The Canadian Privacy Law Blog: Developments in privacy law and writings of a Canadian privacy lawyer, containing information related to the Personal Information Protection and Electronic Documents Act (aka PIPEDA) and other Canadian and international laws.
The author of this blog, David T.S. Fraser, is a Canadian privacy lawyer who practices with the firm of McInnes Cooper. He is the author of the Physicians' Privacy Manual. He has a national and international practice advising corporations and individuals on matters related to Canadian privacy laws.
For full contact information and a brief bio, please see David's profile.
The views expressed herein are solely the author's and should not be attributed to his employer or clients. Any postings on legal issues are provided as a public service, and do not constitute solicitation or provision of legal advice. The author makes no claims, promises or guarantees about the accuracy, completeness, or adequacy of the information contained herein or linked to. Nothing herein should be used as a substitute for the advice of competent counsel.
This web site is presented for informational purposes only. These materials do not constitute legal advice and do not create a solicitor-client relationship between you and David T.S. Fraser. If you are seeking specific advice related to Canadian privacy law or PIPEDA, contact the author, David T.S. Fraser.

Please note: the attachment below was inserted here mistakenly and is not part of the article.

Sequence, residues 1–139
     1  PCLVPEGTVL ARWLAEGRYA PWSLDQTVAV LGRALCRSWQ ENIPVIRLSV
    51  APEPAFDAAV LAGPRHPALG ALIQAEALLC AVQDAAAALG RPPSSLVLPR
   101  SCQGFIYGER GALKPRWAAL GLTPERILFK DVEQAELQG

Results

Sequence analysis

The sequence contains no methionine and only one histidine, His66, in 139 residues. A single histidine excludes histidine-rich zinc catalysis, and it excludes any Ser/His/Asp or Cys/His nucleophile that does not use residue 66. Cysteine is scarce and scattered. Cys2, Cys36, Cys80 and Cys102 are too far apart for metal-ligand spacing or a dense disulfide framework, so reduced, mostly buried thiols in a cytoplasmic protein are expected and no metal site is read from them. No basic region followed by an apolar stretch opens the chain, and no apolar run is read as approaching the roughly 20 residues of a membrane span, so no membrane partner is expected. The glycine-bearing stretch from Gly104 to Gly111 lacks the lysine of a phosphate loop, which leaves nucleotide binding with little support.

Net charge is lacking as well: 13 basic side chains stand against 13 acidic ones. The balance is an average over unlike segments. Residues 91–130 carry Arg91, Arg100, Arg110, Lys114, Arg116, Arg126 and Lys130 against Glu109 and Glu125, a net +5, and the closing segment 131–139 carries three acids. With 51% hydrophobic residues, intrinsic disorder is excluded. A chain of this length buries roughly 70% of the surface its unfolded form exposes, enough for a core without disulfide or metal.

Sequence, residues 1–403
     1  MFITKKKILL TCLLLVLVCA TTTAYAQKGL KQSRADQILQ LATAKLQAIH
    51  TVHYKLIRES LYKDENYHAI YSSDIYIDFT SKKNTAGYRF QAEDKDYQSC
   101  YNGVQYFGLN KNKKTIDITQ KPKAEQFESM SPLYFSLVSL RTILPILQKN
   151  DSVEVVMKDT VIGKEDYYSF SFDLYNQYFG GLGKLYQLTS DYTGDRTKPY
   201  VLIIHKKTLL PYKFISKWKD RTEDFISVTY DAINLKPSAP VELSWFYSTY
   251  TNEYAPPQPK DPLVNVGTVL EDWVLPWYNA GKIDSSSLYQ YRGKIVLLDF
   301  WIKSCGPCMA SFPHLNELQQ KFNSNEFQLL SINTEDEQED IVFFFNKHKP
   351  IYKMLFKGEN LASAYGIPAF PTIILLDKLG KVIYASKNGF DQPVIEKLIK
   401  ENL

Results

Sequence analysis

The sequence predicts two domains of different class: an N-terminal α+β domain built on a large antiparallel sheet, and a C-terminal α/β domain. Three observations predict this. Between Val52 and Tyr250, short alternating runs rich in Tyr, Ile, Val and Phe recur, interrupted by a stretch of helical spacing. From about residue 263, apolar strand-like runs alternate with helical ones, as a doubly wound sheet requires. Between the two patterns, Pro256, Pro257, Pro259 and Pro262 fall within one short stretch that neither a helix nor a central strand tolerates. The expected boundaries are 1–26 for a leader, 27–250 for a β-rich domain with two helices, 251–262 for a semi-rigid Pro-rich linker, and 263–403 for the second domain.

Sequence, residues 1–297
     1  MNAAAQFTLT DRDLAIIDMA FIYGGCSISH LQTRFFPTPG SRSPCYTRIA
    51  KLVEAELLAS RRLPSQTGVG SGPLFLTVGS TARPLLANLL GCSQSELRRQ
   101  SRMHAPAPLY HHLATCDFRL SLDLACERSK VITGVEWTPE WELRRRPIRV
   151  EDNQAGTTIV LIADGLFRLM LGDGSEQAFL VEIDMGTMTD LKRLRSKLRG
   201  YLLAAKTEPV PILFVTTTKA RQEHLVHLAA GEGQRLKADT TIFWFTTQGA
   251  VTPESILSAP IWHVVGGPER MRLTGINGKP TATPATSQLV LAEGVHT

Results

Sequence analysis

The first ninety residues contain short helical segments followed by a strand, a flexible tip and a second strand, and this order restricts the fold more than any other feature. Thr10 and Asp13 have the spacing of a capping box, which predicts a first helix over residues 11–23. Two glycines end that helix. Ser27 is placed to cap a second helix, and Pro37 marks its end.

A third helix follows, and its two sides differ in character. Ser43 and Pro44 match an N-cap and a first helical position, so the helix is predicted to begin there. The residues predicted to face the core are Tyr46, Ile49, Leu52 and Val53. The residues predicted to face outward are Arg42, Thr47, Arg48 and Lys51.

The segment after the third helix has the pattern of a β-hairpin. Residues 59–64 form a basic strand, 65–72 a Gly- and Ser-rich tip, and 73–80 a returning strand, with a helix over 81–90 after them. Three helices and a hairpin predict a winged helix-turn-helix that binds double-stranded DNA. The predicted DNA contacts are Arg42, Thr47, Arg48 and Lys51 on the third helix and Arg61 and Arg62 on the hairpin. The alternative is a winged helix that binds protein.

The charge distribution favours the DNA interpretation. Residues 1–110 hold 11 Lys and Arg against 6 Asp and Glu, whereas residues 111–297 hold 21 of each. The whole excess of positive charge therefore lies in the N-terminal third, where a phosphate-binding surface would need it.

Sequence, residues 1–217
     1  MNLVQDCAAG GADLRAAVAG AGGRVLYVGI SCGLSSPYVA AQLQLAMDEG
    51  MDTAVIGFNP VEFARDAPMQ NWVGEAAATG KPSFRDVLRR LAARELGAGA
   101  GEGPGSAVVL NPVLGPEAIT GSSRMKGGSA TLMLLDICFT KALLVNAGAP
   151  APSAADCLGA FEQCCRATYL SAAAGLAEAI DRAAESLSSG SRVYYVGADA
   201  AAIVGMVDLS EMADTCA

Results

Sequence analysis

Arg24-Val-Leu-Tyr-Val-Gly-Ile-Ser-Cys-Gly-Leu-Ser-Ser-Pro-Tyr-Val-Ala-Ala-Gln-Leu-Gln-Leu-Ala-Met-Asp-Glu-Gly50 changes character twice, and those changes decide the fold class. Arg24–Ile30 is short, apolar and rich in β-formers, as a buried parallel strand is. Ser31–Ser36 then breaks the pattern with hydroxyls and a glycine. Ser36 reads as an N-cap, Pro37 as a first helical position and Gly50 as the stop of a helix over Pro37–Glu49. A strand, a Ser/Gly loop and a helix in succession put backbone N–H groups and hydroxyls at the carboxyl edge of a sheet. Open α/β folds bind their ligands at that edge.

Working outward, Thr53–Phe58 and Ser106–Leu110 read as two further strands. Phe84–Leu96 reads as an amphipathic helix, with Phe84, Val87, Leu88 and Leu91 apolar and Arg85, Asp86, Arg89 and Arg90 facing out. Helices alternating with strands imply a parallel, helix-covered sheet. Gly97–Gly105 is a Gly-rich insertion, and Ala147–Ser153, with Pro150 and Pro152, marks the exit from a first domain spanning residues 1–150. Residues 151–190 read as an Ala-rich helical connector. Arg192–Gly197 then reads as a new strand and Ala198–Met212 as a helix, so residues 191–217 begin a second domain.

Monday, April 04, 2005
Should parents be able to see children's library records? Amanda Welsh points out an article about a bill in Maine, sponsored by Rep. Randy E. Hotham, that would require public libraries to tell parents what books their children have checked out.
The bill is definitely part of a trend ... what do librarylaw blog readers think? Should parents be able to see their children's records, and if so how should "parents", "children" and "records" be defined? My thoughts, generally, on the topic are here.
For more on this topic, see PIPEDA and Canadian Privacy Law: Privacy and Public Libraries, which links to a presentation on the topic and has a bit of a dialogue with Mary in the comments.
The Canadian Privacy Law Blog is licensed under a Creative Commons Attribution-Noncommercial-No Derivative Works 2.5 Canada License.